The Chilean beverage giant CCU has completed a pilot test of AI-powered retail execution software and, based on its success in that six-month project, plans to expand usage of the software to support more elements of its business.
The software that CCU tested, and is looking to deploy in production, is developed by Wisy, which was named Cloud Wars Startup of the Year in 2022 by Acceleration Economy practitioner analysts who judged Wisy and other startups.
CCU utilized the Wisy retail execution software platform to monitor the presentation and placement of 250 SKUs at partner sites in a test that ran from November 2022 through May. One of the core goals of the test was to see whether the software could more consistently and accurately analyze the company’s products, their placement, and other details when compared to manual monitoring conducted by people.
“It helped us a lot to have this consistent way of measuring our reach and our clients and using that data to have some estimation of our market share in our traditional channel,” says Jaime Binder Ross, innovation director at CCU, based in Santiago, Chile.
How Wisy Software Works
The most common way of managing the display of products and executing promotions on retail store shelves today is to have employees visually inspect them and try to present them in the most appealing fashion.
Wisy replaces the human, visual analysis with a camera (using a common cellphone or tablet) that delivers real-time analysis, recommendations, and optimization. Pictures are processed on the mobile device because most stores have poor connectivity and users need instant feedback. Photos and analytics are also made available via the web but the processing occurs instantly on the user’s device.
Here’s how Wisy works in a typical scenario: A company representative (for CCU in this case) snaps photos of its products on a shelf or in a refrigerator. The Wisy AI platform provides data analysis and insights that answer questions including:
- Are product layouts and prices optimized to drive revenue, profitability, and market share?
- In those cases where a shelf or refrigerator is “owned” by one company, is there any contamination from other products being displayed?
- Is a product in danger of going out of stock in the near term and, if so, can it be replenished quickly?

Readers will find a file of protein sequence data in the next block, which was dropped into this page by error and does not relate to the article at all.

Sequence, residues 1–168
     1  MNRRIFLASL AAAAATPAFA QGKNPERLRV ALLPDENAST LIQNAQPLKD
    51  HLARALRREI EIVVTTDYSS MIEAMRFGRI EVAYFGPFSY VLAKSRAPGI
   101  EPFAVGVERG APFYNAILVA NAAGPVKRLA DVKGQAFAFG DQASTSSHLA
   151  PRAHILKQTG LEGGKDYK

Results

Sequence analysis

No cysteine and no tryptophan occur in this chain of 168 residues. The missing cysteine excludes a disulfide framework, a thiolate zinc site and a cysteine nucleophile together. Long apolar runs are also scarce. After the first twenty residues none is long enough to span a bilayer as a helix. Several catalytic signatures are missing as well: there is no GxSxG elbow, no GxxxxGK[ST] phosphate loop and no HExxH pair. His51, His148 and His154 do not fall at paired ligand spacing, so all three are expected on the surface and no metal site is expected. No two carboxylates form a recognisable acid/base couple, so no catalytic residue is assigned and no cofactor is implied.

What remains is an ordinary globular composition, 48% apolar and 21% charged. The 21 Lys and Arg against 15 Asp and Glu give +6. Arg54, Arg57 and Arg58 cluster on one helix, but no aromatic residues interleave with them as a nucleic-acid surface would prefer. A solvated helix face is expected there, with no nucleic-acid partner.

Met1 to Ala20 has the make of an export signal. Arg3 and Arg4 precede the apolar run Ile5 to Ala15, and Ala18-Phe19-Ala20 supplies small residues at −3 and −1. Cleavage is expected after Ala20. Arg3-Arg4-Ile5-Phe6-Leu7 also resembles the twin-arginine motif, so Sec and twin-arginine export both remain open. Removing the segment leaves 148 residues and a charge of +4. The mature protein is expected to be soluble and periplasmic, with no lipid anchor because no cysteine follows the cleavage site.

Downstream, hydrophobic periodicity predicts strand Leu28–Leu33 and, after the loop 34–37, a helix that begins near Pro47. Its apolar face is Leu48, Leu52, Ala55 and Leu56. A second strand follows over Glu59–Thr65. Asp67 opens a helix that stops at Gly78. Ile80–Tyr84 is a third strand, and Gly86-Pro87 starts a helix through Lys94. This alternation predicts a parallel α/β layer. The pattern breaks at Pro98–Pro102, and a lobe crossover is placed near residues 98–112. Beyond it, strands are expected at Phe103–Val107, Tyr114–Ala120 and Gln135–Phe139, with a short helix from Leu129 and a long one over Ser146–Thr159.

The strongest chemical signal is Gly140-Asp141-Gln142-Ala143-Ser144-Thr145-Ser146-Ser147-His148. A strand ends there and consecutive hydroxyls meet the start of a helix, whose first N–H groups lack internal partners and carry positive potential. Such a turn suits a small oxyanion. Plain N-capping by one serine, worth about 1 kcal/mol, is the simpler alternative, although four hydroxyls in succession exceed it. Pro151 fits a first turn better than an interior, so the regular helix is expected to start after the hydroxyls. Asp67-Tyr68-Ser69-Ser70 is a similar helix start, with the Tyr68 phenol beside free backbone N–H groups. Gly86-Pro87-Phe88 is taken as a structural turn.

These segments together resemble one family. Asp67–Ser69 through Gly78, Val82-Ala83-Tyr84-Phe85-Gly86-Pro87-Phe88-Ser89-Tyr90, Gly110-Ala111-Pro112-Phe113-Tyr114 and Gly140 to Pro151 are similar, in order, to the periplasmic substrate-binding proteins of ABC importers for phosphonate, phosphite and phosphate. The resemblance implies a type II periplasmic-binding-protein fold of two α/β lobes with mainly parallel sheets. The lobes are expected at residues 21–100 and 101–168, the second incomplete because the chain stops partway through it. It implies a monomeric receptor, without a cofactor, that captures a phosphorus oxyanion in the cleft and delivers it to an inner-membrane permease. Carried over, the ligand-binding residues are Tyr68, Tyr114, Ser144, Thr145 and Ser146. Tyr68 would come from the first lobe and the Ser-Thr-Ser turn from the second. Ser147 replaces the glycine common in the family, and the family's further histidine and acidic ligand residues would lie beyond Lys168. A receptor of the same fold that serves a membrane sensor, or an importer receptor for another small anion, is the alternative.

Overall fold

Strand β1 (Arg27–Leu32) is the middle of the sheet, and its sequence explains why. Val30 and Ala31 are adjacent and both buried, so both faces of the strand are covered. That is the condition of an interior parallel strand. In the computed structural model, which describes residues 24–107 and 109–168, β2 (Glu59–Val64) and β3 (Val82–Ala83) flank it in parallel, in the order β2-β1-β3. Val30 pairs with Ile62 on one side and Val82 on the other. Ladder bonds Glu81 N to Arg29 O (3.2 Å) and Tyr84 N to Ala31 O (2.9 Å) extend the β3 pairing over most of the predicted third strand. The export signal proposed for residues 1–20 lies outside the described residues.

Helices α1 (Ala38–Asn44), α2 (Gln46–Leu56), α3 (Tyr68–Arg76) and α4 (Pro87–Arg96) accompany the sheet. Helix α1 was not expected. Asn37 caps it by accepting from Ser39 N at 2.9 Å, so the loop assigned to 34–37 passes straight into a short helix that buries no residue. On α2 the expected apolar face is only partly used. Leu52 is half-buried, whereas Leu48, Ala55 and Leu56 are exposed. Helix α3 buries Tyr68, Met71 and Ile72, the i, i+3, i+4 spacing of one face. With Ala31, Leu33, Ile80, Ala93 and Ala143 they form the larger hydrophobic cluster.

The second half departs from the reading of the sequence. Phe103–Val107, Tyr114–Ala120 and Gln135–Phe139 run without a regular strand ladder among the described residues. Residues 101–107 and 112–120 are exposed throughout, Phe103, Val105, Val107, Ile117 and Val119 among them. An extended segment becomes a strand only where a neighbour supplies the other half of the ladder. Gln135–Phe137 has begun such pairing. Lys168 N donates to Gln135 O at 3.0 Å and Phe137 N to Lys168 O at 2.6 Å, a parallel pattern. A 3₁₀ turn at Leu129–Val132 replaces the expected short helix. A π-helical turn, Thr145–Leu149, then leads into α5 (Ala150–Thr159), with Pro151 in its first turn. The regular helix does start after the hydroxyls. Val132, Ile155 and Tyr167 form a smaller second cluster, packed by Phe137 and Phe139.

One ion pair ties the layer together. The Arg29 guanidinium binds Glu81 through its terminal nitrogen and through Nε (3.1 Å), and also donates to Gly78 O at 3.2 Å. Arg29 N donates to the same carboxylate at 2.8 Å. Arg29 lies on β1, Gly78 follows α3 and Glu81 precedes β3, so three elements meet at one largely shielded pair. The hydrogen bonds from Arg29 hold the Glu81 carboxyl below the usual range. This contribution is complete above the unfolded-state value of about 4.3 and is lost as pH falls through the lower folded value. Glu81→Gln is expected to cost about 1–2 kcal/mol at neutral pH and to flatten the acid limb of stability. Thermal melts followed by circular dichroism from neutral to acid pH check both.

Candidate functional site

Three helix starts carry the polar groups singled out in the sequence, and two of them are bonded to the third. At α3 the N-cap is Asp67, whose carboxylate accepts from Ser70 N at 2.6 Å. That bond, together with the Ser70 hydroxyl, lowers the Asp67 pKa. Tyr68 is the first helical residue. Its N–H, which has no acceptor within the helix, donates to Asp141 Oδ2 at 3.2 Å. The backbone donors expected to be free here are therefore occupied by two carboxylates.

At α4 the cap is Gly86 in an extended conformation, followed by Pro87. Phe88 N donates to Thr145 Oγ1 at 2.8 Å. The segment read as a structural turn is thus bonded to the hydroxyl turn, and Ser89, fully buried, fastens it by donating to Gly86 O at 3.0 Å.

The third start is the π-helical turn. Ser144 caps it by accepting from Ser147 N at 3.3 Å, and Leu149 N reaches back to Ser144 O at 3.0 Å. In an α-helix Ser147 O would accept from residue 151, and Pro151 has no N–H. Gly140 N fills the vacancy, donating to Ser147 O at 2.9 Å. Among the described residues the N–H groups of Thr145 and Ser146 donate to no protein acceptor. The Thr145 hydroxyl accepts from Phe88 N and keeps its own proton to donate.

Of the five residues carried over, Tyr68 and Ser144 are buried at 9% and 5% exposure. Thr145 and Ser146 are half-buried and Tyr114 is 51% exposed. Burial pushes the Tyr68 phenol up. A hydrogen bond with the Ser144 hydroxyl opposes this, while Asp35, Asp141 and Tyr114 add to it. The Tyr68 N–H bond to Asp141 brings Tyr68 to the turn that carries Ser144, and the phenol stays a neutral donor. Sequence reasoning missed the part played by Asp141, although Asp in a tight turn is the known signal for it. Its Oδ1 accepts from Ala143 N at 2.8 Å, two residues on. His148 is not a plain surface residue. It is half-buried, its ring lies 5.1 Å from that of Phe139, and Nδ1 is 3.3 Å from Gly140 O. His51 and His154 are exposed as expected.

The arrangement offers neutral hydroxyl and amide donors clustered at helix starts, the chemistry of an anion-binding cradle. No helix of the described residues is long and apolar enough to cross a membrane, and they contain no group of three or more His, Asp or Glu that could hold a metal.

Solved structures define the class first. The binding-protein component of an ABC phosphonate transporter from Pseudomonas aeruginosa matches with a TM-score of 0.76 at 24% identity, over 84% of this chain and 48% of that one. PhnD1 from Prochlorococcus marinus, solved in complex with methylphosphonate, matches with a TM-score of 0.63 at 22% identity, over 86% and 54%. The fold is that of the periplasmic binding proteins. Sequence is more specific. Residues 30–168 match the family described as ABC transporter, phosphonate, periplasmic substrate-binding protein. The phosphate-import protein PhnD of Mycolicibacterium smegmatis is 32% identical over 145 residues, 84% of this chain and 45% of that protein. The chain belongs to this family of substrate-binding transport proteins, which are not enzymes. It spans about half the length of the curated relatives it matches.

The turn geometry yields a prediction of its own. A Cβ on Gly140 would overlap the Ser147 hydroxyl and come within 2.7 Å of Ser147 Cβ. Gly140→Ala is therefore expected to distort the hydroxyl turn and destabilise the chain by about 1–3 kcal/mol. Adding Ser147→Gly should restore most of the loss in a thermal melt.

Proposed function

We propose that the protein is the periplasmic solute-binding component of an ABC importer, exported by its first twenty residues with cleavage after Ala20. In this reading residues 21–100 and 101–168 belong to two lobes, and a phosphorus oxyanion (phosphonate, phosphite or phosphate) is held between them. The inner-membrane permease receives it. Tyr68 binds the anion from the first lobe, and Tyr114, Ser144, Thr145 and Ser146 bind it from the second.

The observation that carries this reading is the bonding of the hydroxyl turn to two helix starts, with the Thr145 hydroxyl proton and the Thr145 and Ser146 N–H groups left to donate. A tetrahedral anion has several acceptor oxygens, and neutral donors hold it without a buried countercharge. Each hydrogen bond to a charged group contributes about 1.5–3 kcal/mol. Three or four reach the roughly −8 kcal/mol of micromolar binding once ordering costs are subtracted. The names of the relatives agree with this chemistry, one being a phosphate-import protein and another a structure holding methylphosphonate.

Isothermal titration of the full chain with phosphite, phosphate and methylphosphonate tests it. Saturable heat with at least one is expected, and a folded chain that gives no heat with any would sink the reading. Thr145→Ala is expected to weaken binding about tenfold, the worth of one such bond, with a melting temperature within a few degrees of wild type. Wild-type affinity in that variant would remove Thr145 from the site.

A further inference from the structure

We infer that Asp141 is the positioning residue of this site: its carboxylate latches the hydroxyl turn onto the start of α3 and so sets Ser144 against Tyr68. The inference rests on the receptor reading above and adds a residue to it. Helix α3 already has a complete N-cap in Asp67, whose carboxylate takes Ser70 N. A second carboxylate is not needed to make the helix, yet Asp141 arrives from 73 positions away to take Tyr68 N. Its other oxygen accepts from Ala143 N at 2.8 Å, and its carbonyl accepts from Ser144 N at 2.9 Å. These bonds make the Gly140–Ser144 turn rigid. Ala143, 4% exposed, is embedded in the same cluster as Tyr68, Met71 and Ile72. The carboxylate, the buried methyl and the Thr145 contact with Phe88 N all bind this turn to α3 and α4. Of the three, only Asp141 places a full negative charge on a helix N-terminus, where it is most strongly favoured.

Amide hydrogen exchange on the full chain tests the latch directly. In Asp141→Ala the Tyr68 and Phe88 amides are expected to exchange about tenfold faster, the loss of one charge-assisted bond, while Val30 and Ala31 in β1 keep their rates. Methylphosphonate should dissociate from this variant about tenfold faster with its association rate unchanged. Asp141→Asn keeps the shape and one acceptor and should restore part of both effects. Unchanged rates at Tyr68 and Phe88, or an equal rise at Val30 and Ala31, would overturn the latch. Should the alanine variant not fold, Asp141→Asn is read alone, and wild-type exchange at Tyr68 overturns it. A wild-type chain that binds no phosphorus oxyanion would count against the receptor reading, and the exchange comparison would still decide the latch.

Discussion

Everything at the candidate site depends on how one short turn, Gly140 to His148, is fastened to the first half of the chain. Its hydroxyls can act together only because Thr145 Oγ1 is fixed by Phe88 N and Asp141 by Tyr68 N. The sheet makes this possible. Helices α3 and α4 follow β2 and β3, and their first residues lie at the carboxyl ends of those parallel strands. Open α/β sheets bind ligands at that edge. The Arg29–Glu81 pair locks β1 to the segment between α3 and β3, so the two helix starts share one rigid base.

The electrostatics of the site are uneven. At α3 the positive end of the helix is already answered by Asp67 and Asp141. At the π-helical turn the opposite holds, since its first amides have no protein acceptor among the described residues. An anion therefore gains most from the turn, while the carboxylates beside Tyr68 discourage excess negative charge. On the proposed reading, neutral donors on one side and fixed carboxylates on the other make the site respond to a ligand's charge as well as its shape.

How CCU Uses Wisy
CCU selected Wisy to test as an outcome of its “Innovation Challenge.” Its goal from the outset, according to Binder Ross, was to discover ways to optimize trade marketing. That’s an important consideration in light of the number of partners that sell its products: 40,000.
For the test, it elected to use Wisy in its “traditional” channel, namely small supermarkets as well as liquor stores. It had 18 “executors” or employees using the software across 250 SKUs within 800 points of sale.
The goal was to track three critical factors to trade marketing success: layout, price, and contamination. The software was tested in locations where CCU has its own dedicated refrigerators, meaning no third-party or non-beverage products should be housed there. Any cases where that did happen are deemed contamination.
When it comes to price and layout, the key factors being measured are whether the layout will enable optimal revenue and profits, and the pricing checks are intended to ensure the assigned prices are correct.
Use of Wisy “improved this plan of execution at the points of sale,” Binder Ross says, though he wasn’t able to cite specific figures. “With all this information, we can improve how we go to the points of sale and optimize a given fridge or cooler.”
He added, “With the Wisy solution, it’s easier for us to take pictures and, with the AI, understand where we are with these different factors.”
Binder Ross says the Wisy AI algorithm, after training, was able to correctly identify CCU inventory at a rate of 90% accuracy. That’s a critical consideration in ensuring its analysis and recommendations are targeted correctly.
Based on CCU’s trial, Binder Ross and his team are looking to secure approval to move the Wisy software into production. When that happens, they envision expanding its use in multiple ways:
- Adding more tracked data points so the software becomes more valuable and supports additional performance improvements at the point of sale
- Extend it to all salespeople and all clients
- Supporting a broader range of product categories — up to 180,000 SKUs at all 40,000 points of sale — and moving into additional regions where the company operates
Binder Ross said Wisy has been a strong partner in the testing process. “It was really pleasant to work with them. We have a problem and they have a solution at the ready. It was a really agile process.”
“CCU has been a great innovation partner. Through this pilot, we have learned about their business and what makes them so successful,” says Min Chen, CEO and co-founder of Wisy. “We appreciate the vision of their leaders and the commitment of their team to reach new frontiers by helping define new technologies. We look forward to continue partnering with CCU to add efficiency and intelligence in both traditional and modern channels with AI.”